The PI is currently an Assistant Professor in the Department of Psychology at Cal State San Marcos. Her long-term goal is to sustain an independent research career examining mechanisms between socio-cultural factors, maternal affect and infant outcomes in the perinatal period.
The aim of the proposed research is to examine the associations between the role of acculturation (the process of one culture adapting the norms of a majority culture), prenatal maternal mental health and subsequent stress vulnerability in infants in the US Mexican population. Three hypotheses will be tested: 1) greater maternal acculturation will predict increased levels of maternal depression and hypothalamic pituitary adrenal (HPA) axis activity during pregnancy;2) Greater levels of maternal acculturation and maternal depression and cortisol will predict an increase in newborn hair cortisol levels as a proxy measure of fetal HPA axis activity;3) Greater levels of maternal acculturation and depression and cortisol will predict an increased acute infant salivary cortisol response to a stressor. With information gained we will also determine if fetal cortisol levels moderate or mediate the relationship between maternal variables and infant HPA activity. The proposed research will be conducted in 185 women of Mexican descent and their infants at a community clinic that primarily attends to Latinos. This research has direct consequences for public health as the Mexican-American population is the most rapidly growing group in the US and Mexican-American women report high levels of depression during pregnancy. Socio-cultural variables may play a role in this increased risk for maternal mental health, specifically acculturation. However, the mechanism by which this occurs is unknown. In addition, the negative consequences of depression during pregnancy extend beyond the depressed individual to her offspring as the offspring of depressed mothers show altered stress responsivity and increases in neuropsychiatric disorders. Therefore, acculturation may directly also negatively impact offspring mental health via its effects on maternal depression or a direct effect itself, but this has yet to be determined. Students will directly involved at all levels of the proposed projects including recruitment and retention of participants, saliva and hair collection, sample management and performance of cortisol assays. The proposed project will provide critical translational research experience for students, with an emphasis on encouraging racial/ethnic minority students in higher education, in line with the missions of CSUSM and AREA. This study directly addresses an NIH priority area "on cultural differences of stress and coping to understand the mechanics by which culturally related stressors affect health" and provides a foundation that can lead to prenatal interventions directed toward acculturation in the high-risk Mexican-American population.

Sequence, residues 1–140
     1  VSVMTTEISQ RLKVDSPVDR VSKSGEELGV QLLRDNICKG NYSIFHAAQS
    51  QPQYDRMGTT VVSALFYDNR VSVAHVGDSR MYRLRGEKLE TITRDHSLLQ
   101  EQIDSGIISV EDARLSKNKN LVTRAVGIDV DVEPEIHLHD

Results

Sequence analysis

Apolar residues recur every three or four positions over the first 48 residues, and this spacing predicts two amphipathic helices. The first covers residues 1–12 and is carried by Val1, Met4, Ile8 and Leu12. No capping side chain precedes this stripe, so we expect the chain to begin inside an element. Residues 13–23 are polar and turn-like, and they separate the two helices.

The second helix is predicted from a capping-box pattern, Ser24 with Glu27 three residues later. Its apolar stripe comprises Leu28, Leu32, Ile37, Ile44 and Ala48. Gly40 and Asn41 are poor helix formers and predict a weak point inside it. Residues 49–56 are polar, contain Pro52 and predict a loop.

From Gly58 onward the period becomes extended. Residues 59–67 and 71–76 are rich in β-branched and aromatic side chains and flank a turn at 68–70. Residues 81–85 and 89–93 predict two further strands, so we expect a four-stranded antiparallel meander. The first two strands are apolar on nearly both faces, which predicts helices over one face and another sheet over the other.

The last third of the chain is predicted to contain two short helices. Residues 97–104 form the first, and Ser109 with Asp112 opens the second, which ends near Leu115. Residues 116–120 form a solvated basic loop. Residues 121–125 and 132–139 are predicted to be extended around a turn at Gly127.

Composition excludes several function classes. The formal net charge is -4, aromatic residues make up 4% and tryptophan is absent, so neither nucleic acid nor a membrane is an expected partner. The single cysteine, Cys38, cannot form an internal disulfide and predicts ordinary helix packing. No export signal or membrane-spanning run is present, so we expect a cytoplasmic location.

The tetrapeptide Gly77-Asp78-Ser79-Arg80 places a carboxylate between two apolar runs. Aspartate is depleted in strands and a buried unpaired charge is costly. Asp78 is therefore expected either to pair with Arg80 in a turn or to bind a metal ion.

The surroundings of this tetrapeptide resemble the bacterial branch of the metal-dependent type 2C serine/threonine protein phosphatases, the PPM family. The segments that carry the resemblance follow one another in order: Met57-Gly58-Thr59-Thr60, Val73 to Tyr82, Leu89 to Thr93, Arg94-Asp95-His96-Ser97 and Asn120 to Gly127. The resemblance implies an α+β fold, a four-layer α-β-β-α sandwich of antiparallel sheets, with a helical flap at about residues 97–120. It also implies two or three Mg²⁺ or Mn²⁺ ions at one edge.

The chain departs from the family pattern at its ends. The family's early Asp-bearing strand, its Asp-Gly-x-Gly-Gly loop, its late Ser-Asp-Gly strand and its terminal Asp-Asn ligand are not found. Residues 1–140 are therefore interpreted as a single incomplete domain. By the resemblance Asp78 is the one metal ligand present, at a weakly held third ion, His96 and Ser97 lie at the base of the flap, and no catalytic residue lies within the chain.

The Mexican-American population is the most rapidly growing group in the US and Mexican-American women report greater levels of depression during pregnancy relative to their US counterparts. The proposed research will examine the association between cultural factors and increased risk for mental health during pregnancy, as well as evaluate the effect of acculturation on increased stress vulnerability in infants, a significant risk factor for development for mental health disorders. The information obtained from the proposed research will aid in the design and development of future programs aimed at early identification of those at risk for mental health disorders for the US Mexican population. The proposed project will provide critical translational research experience for students, with an emphasis on encouraging racial/ethnic minority students in higher education, in line with the missions of CSUSM and AREA.